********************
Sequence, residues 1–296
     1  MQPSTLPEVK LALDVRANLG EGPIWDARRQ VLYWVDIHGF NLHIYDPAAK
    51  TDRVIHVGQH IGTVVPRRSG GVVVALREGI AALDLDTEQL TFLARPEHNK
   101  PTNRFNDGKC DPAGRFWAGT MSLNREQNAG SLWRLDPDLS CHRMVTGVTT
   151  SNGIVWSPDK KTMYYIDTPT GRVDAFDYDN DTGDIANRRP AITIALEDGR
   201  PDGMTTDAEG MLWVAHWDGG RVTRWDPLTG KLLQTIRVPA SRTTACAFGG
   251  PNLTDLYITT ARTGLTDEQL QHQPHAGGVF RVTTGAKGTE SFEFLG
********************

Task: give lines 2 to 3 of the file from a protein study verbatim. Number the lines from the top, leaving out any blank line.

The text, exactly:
     1  MQPSTLPEVK LALDVRANLG EGPIWDARRQ VLYWVDIHGF NLHIYDPAAK
    51  TDRVIHVGQH IGTVVPRRSG GVVVALREGI AALDLDTEQL TFLARPEHNK